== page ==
The goal of the Summer Program in Cancer Research (SPCR) is to provide talented undergraduate students with a research project-based laboratory experience and exposure to different science and health disciplines working to address the causes, diagnosis, prevention, and treatment of cancer. The Program objective is to promote careers in cancer research and clinical oncology, which is in line with the NCI mission to attract and train the best minds to become the next generation of cancer researchers. This goal will be accomplished through a formalized 10-week program during which participants will work on an individualized research project under the supervision of a faculty mentor. The MD Anderson Science Park campus in Smithville, Texas, provides a unique environment for young scientists to engage in cutting-edge research using state-of-the-art technologies while working in a park-like setting. Participating faculty members are not only committed educators but also internationally recognized experts in the fields of cancer genetics and genomics, epigenetics, DNA repair and mutagenesis, stem cells, immunology, and mechanisms of cell death and survival. Students will also gain an appreciation for other areas of cancer biology, such as viral carcinogenesis, angiogenesis, and metastasis, through a Program lecture series complemented by additional lectures video conferenced from Houston designed for all summer students at MD Anderson. An appreciation for the wide variety of research being performed at MD Anderson will also be gained through field trip experiences to the MD Anderson main campus and hospital in Houston and the Keeling Center for Comparative Medicine. Students will be exposed to the variety of career options available to individuals interested in cancer research through career development lectures and a Careers in Science Panel Discussion. Students will also learn how to organize a scientific presentation, including background information, hypothesis, methods, results, and conclusions, and will hone their oral communication skills in preparation for a culminating Scientific Symposium, where students present their research projects to departmental faculty, trainees, and staff. Past programmatic evaluations demonstrate that the SPCR is an important contributor to the career development of participating students and influenced their decision and ability to pursue graduate or other training leading to careers in cancer-related research and medicine.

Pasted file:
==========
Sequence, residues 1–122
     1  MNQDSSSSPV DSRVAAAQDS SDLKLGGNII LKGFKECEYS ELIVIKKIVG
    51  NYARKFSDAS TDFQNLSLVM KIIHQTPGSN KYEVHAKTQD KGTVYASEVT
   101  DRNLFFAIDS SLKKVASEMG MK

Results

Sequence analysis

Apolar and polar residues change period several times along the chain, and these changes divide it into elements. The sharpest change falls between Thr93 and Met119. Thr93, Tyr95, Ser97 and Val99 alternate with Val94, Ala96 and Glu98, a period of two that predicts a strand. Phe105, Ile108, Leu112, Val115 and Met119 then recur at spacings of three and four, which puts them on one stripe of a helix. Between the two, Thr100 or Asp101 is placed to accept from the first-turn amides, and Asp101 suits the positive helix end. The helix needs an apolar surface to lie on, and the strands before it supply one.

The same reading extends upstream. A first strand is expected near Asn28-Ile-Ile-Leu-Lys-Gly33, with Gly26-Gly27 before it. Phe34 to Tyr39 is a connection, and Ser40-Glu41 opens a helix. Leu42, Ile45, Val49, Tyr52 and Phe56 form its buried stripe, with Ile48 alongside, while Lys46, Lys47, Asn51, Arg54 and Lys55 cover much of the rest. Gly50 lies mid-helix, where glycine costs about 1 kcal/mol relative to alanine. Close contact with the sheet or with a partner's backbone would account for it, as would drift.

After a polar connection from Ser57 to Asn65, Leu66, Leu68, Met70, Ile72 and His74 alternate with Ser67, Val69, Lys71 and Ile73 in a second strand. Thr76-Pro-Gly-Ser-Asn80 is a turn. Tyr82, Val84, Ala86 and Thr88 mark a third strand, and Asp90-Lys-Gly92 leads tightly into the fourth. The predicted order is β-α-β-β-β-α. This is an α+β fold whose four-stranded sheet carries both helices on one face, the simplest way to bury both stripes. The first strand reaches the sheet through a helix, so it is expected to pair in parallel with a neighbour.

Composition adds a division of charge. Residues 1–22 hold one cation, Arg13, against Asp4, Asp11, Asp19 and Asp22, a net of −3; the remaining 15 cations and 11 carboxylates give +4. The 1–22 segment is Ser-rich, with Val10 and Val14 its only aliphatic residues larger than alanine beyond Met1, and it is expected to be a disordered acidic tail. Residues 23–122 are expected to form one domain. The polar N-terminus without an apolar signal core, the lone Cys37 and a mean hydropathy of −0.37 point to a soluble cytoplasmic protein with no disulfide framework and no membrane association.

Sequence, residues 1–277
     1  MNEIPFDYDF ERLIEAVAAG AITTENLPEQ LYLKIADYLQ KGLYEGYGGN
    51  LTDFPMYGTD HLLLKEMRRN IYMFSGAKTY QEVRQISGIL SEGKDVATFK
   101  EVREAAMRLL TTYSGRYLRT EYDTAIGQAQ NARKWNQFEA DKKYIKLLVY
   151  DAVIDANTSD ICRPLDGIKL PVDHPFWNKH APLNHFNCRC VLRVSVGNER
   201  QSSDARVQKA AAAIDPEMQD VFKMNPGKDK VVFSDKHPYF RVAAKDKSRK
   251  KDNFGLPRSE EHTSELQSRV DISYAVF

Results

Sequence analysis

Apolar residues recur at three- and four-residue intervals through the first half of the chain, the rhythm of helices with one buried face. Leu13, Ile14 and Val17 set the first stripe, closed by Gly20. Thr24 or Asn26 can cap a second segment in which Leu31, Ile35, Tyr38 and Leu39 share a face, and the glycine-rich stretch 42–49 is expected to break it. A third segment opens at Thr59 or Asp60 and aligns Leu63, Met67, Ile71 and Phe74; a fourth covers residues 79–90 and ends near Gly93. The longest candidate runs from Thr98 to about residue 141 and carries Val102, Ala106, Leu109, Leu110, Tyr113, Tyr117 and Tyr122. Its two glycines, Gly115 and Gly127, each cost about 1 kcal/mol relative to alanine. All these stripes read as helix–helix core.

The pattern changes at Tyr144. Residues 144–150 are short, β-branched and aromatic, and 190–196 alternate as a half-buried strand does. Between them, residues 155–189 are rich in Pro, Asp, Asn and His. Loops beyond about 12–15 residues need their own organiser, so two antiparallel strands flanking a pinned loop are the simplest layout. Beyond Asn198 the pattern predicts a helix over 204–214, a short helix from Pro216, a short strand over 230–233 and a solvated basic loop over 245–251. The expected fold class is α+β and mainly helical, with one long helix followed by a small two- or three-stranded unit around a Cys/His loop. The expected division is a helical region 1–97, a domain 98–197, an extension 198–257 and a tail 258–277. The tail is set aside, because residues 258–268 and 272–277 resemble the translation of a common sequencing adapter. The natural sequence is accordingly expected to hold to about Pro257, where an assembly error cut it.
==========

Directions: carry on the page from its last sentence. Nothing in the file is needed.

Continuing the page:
Public Health Relevance

The Summer Program in Cancer Research will support the participation of twelve (12) academically talented undergraduate students in an authentic, hands-on laboratory research experience for ten weeks during the summer break. The primary objective of the program is to promote careers in cancer research and oncology and prepare students to pursue graduate education in science, research and health care. Under the direction of faculty and laboratory staff mentors, students will receive training in laboratory techniques and research procedures that will increase technical acuity, communication skills and self-confidence in entering the cancer research field as well as develop sustained mentor relationships which further promote long-term pursuit of basic science and clinical careers in cancer research.

National Institute of Health (NIH)
National Cancer Institute (NCI)
Education Projects (R25)
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Subcommittee I - Transistion to Independence (NCI)
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Korczak, Jeannette F
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University of Texas MD Anderson Cancer Center
Internal Medicine/Medicine
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United States
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Zelazowski, Maciej J; Sandoval, Maria; Paniker, Lakshmi et al. (2017) Age-Dependent Alterations in Meiotic Recombination Cause Chromosome Segregation Errors in Spermatocytes. Cell 171:601-614.e13